15 December 2013

Commute Socks of Temporary Disappointment

What happens when I have three six-day work weeks in a row? I find myself scrambling for more brainless commute knitting and ignore everything else. Alas, brainless projects sometimes still need planning.

1. Finish knitting cowl for co-worker at a knitting party. Cast on for Commute Socks 3. Needles: US size 2, 60 sts. (Yarn: Online Supersocke 100 Comedy Color, in color no. 1282.)

2. Realize 30 minutes into 1.5-hours-each-way commute that resulting fabric isn't tight enough for hard-wearing socks.

3. Decide that socks that wear well over time is not hard to achieve with this yarn, so knitting them at a loose gauge would just be silly.

4. Ponder how personal gauge has changed over time and how the brainlessness of vanilla socks are now up in the air.

5. Decide to frog sock and restart at home on US 1 needles. Put sock away.

6. Look around train helplessly, not knowing how to occupy self on rest of commute, dreading the trip home. Play sudoku on phone in defeat.

7. Tell co-workers at work about knitting problems, and receive awkward nods in response. Remain uncertain if sock problem has been explained adequately.

8. Sit next to fellow knitter/co-worker-from-another-department/acquaintance on bus. Talk about knitting. Explain sock problem to someone who understands!

9. On train, ponder working on sock for comfort, despite frogging plans.

10. Take out sock; continue knitting.

11. Say goodbye to fellow knitter. 

12. Have stunning realization that cuffs can be obnoxiously long and loose without compromising integrity of sock.

13. At home, finish purple stripe of cuff.

14. Switch to smaller needles and increase to 76 sts.

15. Knit away.

10 December 2013

Mad Infinity: At Least the Mistake Stitch Rib is Error-Free

Life has been obnoxiously busy recently, but I keep making tiny bits of progress in balancing household chores with my knitting life. I let myself relax for most of the evening, and I've really been enjoying cranking out a cowl design that's a commission from a coworker.

It's a sideways-knit cowl with reversible cables and lots of texture, worked in Cascade Ecological Wool held double. It's super squishy, and I'm so pumped to get this off the needles, because I've heard people (or at least Gigi of the Knitmore Girls) talk about how much this yarn fluffs up. My coworker is going to be so happy to have this, and I'm going to be so happy to make myself one out of my Rocky Coast leftovers.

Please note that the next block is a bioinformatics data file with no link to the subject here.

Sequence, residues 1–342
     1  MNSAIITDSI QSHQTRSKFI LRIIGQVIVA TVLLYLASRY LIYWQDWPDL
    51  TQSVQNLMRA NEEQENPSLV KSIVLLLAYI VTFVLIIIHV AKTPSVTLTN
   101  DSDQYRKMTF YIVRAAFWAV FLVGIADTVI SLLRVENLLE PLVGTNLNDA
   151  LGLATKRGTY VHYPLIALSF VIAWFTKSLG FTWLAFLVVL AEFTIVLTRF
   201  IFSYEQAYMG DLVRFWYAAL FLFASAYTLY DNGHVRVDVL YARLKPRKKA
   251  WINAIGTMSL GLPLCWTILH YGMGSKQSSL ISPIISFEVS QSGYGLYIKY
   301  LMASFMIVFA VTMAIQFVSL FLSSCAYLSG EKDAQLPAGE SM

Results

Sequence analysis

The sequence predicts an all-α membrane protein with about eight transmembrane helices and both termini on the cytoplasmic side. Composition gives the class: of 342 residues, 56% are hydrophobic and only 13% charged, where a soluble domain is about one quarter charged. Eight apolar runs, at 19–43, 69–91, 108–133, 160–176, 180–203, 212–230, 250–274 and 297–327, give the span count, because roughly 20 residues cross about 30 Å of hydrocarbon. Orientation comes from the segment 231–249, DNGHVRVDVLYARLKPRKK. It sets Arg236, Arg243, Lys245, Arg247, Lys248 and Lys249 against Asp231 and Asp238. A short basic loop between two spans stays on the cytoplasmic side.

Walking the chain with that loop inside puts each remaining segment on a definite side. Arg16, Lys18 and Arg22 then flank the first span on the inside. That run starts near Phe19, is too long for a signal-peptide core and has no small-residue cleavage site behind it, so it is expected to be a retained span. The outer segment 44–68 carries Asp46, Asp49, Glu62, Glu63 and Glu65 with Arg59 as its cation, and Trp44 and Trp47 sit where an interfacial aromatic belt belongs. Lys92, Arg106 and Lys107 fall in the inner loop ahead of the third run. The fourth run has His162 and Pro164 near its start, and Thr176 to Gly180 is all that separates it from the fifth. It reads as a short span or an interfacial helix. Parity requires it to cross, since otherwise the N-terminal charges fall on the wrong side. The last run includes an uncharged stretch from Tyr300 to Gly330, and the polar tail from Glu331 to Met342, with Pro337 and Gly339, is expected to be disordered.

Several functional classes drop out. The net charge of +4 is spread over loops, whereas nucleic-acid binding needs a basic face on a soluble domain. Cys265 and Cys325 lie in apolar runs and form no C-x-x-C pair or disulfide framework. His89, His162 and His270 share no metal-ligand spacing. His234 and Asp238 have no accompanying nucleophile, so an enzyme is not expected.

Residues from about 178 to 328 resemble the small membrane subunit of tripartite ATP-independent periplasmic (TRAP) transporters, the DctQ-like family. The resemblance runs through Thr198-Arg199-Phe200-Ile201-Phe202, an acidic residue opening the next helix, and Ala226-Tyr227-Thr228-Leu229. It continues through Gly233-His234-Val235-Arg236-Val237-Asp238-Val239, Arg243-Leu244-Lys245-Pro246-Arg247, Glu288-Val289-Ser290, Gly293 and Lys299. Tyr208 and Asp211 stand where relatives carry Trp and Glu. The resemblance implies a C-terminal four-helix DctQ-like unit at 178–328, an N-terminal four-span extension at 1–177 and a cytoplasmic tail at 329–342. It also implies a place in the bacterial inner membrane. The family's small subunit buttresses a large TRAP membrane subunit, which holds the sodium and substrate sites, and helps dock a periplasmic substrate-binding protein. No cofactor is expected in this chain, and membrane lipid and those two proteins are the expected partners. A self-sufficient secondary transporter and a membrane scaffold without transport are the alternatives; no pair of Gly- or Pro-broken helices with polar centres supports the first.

However: As I said, life has been obnoxiously busy recently. So of course, what with my brain having been in high gear for a while now, now it's time to end an evening of productive knitting by dropping a cable back seven inches to fix a silly mistake.

I'm usually confident about dropping a section down several inches, but I'm a little less sure this time. 

Points of consideration:

1. This cable is along the edge, and I'm a little less sure about what goes on mechanically at the edge of my knitting. This process of dropping down and laddering back up is harder, but... 

2. I will learn something if I do it.

3. The mistake is small: the yarn is wrapped weirdly around a correctly-crossed cable. Non-dropping fixes include: duplicate-stitch over the mistake (if I was that kind of person) and snipping the yarn and darning to prevent a hole from forming.

4. Will fixing this take longer than frogging and re-knitting? (Probably not, but you never know.)

The answer is obvious, thanks to my perfectionist tendencies. I can't duplicate stitch (because the mistake would still be there, hiding), and I don't want to darn it (weaving in more ends? NOPE/I'm already worried about having enough yardage). 

So, for the rest of the night, I'll be fixing my cable the hard way and dreaming of a January where my brain is well-rested and restricts its mistakes to fiber-free realms.